Pork Roast Temperatures. Mercurial Readings. What is the appropriate internal temperature for a pork roast? Seems like an easy enough question. However, did you know that the USDA updated the guidelines for safe pork temperatures just recently in 2011? News to me. They now recommend that pork is safe at 145°F. I'm not big on... Continue Reading →
Lessons on Cookery: Lesson 2 focuses entirely on how to bake with a wood stove, to include judging temperature, as well as its general care and keeping.
1800s Kitchens.For your leisurely Sunday consumption, I offer you these remarks on the Victorian kitchen:It is an undisputed fact, that no person can work without tools; and in proportion to the completeness and fitness of the tools furnished, labour is facilitated, and a more perfect performance may be expected. These remarks apply, in no small... Continue Reading →
Understanding Antique Cookbook Measurements. Finally! A clear guide to all of those obscure weights and measures for the Victorian kitchen. From gills, to pecks, to tumblers. Butter the size of an egg has always been a bit of a mystery. #useful Source: In the Kitchen, 1875. More Fun Discoveries from Antique Cookbooks Carrot Soup ~1819... Continue Reading →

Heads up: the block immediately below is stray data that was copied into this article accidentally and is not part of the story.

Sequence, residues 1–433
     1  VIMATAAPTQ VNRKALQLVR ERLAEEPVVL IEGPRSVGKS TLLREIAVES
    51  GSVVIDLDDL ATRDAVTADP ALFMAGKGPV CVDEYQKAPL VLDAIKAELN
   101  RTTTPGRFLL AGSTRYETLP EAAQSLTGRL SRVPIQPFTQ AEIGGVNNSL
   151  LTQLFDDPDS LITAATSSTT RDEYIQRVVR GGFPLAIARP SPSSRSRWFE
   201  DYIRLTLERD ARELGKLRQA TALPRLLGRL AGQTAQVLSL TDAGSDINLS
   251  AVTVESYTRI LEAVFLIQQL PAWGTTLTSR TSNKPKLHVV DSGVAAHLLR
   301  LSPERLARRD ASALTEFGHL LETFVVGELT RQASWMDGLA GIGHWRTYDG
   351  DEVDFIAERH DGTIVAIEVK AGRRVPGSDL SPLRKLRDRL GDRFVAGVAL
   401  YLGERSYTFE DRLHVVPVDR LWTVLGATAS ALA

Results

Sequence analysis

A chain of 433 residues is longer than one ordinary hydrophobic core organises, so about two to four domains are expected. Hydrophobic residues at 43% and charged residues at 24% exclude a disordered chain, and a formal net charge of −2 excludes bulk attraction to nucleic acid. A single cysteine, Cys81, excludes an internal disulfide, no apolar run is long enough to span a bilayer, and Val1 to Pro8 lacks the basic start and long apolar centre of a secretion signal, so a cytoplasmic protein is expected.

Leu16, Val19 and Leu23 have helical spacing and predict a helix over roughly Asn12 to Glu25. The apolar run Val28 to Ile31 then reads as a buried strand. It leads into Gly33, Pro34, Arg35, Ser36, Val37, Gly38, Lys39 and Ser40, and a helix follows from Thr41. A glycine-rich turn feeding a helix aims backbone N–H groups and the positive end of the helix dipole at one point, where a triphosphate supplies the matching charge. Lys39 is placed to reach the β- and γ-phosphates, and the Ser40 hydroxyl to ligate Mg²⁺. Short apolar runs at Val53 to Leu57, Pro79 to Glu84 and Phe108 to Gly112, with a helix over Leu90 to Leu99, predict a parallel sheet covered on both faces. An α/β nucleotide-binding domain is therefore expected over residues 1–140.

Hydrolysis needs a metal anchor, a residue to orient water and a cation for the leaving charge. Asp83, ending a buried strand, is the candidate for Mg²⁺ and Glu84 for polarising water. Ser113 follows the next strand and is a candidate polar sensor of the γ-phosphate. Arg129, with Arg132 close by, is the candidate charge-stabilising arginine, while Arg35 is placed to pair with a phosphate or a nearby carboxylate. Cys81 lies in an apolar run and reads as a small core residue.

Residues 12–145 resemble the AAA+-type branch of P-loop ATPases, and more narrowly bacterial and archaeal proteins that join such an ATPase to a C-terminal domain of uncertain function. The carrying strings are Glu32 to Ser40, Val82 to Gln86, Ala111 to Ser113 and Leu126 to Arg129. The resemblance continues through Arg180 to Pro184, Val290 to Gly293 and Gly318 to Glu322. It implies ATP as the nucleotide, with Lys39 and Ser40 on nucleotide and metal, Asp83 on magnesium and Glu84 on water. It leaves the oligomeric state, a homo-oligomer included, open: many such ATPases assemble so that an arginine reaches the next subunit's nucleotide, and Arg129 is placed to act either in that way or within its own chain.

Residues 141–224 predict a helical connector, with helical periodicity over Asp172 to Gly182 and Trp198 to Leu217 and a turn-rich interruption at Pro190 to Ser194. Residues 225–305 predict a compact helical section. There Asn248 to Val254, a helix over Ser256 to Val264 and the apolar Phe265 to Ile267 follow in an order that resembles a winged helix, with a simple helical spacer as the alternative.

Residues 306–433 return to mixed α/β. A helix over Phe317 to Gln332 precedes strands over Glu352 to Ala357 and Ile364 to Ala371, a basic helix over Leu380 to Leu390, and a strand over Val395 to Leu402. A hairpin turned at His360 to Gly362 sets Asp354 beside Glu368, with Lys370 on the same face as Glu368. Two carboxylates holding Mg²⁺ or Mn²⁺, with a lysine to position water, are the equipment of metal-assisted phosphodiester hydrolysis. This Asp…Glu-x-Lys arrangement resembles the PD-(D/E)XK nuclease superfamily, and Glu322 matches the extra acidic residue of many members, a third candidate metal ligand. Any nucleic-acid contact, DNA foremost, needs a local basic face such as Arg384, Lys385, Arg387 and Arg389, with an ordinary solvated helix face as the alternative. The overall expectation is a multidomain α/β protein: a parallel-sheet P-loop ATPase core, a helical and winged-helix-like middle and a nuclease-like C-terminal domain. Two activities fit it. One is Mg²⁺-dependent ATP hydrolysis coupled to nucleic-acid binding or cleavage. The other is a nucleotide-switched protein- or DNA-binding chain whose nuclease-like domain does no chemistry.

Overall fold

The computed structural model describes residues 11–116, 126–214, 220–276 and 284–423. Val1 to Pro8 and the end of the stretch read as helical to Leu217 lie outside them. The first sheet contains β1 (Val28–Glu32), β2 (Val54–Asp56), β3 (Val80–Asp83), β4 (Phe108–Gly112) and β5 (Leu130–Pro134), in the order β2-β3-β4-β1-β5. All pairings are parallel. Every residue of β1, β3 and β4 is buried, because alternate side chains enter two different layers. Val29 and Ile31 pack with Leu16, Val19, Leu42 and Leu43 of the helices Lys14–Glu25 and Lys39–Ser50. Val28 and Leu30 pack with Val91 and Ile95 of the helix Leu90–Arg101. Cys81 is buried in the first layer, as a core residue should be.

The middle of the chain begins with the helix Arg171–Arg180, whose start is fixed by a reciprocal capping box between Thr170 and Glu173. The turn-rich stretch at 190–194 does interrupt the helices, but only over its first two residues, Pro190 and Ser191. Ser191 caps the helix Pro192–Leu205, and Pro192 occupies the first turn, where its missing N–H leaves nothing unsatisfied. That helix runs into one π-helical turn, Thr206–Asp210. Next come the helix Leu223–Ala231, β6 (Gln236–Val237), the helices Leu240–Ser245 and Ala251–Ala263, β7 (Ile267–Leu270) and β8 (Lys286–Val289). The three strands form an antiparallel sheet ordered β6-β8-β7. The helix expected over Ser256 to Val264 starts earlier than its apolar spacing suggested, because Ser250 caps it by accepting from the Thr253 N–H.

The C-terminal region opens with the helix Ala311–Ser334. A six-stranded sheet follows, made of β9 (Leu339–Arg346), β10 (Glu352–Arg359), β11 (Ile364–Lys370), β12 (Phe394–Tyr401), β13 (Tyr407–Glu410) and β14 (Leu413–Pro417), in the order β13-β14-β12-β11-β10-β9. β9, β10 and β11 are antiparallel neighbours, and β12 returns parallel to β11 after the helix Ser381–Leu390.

Camping Stoves Early 1900s. Oh, I do hope that you read this one in its entirety - if nothing more than for the mule's sake. Note that the Klondike Gold Rush happened between 1896 and 1899, hence this beauty's namesake. Here's a link to Camp Cookery, more to come. Happy camping! More Fun Discoveries from Antique... Continue Reading →
And I complain about the dishes at my house! Ha! This is a lovely woodcut. Source: A new system of domestic cookery; formed upon principles of enonomy: and adapted to the use of private families. 1810. More Fun Discoveries from Antique Cookbooks Mutton Chops ~1855 Coffee Monday: Washington’s Coffee Ice Cream ~1866
Kitchen Stove Early 1800s. Time for a little I-spy. Can you find: 8 Spoons Lathe Spigot 1 Bucket 6 Oven Areas Anything strike you as interesting in this new and improved stove, circa 1807? Share your thoughts in the comments below! More Fun Discoveries from Antique Cookbooks Curious Effects of Imagination ~1855 Cucumber Recipes ~1897... Continue Reading →
Kitchen Knives, etc. Back to the kitchen for today's post! Saw these and thought the illustrations were fascinating, in a macabre kind of way. I'm familiar with larding needles and meat cleavers, but a cutlet bat is a new one. Additional instruments for the home cook: meat saw, chopping boards, basins, and knives. From a... Continue Reading →